Historical ecology of estuarine and coastal communities

Start/End: October, 2014 to October, 2016

Salt marsh plant communities

Climate change, development within the watershed, and water diversions for flood control are among the alterations that have changed sediment accretion and hydrologic regimes in Southern California estuaries, which in turn affect elevation, moisture, and salinity conditions for plants. This study tests for changes in the plant communities of the UC Kendall-Frost Reserve using photographs taken along photo transects between 1992 and 2013. Collaborators: Paul K. Dayton, Scripps Institution of Oceanography and Isabelle Kay, UC Natural Reserve System.

Bivalve communities

Declines in native mollusk communities and introductions of non-native mollusks over the past 50 years have been accompanied by uncertain shifts in associated ecosystem functions and increased dependence on imported, non-native shellfish in local seafood supply chains.  The goal of this study was to determine patterns and suggest causes for changes in bivalve communities through time across the region. Three objectives were met: Documenting (1) how bivalve communities have changed over the past 50-75 years,  (2) how have trends differ within and between estuaries in southern California and northern Baja California, and (3) what the potential influences are on species declines and increases. We used field surveys and literature presenting results of past surveys conducted in the same areas since the 1930’s.

Collaborators: Drew M. Talley (Asst. Prof.), Anai Novoa (M.Sc. candidate), Alex Blanco (B.A. student),  University of San Diego; Jeff Crooks, Tijuana River Natinoal Estuarine Research Reserve.

Relevant Publication

A. Novoa, Talley, T.S., D. Talley, J. Crooks, N. Reyns. 2016. Spatial and Temporal Examination of Bivalve Communities in Several Estuaries of Southern California and Northern Baja California, MX. PLOS One DOI: 10.1371/journal.pone.0148220 

Gulf of California island communities

Multi-scale drivers of community structure on islands in the archipelago of Bahía de los Ángeles, Mexico.  Interactions between climate change and the processes that structure coastal communities are poorly understood. This project leverages a 30-year sets of meteorological data and floral and faunal data to determine the relative roles of long term weather patterns, including El Niño events, and local scale factors (e.g., bird nest/roosting status, perimeter to area ratio, soil moisture, plant cover) in influencing the community structure of tenebrionid beetles. Current paradigms predict that rainfall ubiquitously drives productivity on these desert islands, especially for islands with high marine subsidy (i.e., birds). This project reveals, however, that species life history and trophic status (i.e., long and variable larval stages, detritivory), lags in the incorporation of primary production into food webs, lack of soil soaking efficiency of torrential storms, and other unmeasured variables may be acting to baffle response rates revealing that rainfall may not correlate with productivity as well as we thought. This project will provide insights into potential effects of climate change on arid systems.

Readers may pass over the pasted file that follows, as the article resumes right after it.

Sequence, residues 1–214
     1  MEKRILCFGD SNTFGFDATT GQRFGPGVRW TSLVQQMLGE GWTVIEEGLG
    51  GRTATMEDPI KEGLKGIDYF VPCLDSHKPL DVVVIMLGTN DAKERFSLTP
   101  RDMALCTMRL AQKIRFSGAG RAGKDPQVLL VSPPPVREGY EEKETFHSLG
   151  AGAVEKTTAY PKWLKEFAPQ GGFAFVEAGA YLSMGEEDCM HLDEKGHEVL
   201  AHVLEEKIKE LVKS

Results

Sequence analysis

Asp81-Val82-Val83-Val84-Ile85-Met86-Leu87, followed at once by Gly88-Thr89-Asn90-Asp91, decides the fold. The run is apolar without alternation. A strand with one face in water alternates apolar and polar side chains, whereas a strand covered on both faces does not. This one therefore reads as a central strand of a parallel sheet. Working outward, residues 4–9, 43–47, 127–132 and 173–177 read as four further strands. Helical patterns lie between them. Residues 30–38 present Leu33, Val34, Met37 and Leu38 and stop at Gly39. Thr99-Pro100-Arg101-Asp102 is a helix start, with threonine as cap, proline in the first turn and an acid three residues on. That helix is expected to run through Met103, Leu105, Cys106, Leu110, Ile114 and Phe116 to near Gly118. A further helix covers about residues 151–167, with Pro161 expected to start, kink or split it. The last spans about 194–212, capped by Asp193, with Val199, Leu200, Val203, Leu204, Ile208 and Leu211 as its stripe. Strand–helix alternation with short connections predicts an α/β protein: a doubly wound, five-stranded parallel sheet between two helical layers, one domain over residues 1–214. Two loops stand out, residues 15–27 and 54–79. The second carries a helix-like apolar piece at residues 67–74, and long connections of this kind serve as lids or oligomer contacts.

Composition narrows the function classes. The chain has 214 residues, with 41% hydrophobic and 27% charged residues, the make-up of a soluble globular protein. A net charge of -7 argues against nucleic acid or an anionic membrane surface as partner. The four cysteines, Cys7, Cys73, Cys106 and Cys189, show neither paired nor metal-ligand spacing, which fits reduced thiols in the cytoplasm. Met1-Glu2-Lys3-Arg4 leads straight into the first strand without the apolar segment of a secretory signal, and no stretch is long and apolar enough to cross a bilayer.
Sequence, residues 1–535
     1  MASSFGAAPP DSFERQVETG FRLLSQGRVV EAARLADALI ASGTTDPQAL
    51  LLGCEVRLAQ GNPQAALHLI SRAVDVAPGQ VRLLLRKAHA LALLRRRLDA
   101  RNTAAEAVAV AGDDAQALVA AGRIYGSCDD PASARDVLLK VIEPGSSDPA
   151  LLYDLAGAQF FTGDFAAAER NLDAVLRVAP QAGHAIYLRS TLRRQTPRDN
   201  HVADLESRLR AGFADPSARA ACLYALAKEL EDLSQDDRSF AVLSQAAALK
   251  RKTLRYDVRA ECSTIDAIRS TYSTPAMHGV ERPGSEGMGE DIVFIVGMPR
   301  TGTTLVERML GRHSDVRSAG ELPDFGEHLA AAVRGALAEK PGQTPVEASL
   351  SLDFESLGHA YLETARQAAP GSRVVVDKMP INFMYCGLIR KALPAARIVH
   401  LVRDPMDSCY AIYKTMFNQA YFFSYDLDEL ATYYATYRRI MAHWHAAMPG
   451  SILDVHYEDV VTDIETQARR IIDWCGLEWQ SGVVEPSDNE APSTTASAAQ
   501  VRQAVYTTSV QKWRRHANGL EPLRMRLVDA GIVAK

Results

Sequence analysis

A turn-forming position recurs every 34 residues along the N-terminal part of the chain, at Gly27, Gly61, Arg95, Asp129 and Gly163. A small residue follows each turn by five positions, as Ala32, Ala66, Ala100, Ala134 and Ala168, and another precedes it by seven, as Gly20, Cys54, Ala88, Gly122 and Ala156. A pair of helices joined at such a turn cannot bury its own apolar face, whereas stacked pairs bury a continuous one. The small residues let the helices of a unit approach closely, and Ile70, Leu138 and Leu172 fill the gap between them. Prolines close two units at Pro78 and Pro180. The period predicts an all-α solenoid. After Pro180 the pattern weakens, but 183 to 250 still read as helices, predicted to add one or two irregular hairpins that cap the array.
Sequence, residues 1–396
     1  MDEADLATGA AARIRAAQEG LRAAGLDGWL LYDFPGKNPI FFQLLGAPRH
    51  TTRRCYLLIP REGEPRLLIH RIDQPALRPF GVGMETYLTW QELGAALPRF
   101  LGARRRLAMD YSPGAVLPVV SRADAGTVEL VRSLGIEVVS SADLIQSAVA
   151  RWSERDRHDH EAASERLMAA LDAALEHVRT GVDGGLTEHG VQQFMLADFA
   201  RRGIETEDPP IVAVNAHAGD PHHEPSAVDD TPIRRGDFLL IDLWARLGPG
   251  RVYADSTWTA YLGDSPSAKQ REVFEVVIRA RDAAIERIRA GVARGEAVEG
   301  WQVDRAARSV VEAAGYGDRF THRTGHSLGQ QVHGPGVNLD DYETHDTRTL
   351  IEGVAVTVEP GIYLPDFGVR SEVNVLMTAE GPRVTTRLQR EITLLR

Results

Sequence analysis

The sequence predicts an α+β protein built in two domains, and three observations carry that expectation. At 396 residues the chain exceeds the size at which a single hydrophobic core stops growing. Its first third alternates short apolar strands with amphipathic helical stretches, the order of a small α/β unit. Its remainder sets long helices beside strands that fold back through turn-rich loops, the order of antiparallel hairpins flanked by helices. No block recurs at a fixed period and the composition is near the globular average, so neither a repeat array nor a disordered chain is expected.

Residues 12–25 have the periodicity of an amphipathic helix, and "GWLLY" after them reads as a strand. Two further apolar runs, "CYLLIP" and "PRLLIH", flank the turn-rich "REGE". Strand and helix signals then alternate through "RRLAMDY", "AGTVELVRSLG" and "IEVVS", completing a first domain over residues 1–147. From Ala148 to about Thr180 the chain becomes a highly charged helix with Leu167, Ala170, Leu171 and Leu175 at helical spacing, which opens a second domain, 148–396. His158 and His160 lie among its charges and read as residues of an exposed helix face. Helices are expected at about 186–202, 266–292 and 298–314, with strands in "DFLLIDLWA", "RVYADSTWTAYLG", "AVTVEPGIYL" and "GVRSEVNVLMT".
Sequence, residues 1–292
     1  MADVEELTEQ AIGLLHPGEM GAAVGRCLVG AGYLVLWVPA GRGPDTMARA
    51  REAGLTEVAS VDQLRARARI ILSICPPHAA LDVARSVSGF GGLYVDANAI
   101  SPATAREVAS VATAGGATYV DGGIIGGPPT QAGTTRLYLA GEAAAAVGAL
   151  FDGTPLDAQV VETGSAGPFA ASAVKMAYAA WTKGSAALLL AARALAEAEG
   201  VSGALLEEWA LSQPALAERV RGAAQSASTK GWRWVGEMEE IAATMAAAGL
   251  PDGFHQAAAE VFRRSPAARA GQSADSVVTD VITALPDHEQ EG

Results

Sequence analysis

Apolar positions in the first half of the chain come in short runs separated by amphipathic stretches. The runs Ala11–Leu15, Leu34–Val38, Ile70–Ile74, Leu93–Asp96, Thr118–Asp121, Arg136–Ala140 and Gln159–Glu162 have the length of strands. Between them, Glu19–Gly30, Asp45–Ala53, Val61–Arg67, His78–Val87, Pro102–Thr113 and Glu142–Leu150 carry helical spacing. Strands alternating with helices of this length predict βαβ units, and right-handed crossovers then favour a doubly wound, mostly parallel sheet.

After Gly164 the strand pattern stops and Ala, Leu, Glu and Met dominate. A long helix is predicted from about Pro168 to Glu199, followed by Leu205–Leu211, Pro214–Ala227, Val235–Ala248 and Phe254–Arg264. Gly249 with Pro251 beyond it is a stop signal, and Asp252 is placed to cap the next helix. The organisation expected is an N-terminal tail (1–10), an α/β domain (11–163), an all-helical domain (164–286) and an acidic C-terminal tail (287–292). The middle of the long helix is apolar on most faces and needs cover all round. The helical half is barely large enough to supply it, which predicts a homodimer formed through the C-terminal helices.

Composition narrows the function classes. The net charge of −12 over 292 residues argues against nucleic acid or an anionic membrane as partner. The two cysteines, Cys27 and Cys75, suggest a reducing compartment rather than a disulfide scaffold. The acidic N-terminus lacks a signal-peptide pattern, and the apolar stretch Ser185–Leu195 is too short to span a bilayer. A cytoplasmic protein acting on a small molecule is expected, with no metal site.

Collaborators: T. Fournier (MS student lead), D. Talley, Z-Y Yin- U. of San Diego.

Sportfish communities

Understanding long-term trends in San Diego sport fishing catch. Sport fishing is an important industry in San Diego so better understanding the patterns of catch of important fish species, and underlying drivers, allows us to improve management of this valuable resource.  Trends in sport fishing catch abundance (total catch, CPUE) and composition were obtained from daily sport fishing records and revealed increases, declines and variability in landings over the past 60 years in San Diego. This project is testing the influence of large-scale environmental variables (ENSO, PDO, Temp) on catch abundance and composition. For species, or groups of species, that show strong temporal patterns over the past 60 yrs (i.e., those that have distinctly increased, decreased and fluctuated), relationships with qualitative social (e.g., fish preferences), economic (e.g., fuel costs) and regulatory (e.g., fishery closures) variables will be assessed to explain patterns. 

Collaborators: R. Schwartz-Lesberg (MS student lead), D. Talley- U. of San Diego; M. Craig-NMFS.

  • Principal Investigators

    Theresa Talley - photo by Fred Greaves
    University of California, San Diego, Scripps Institution of Oceanography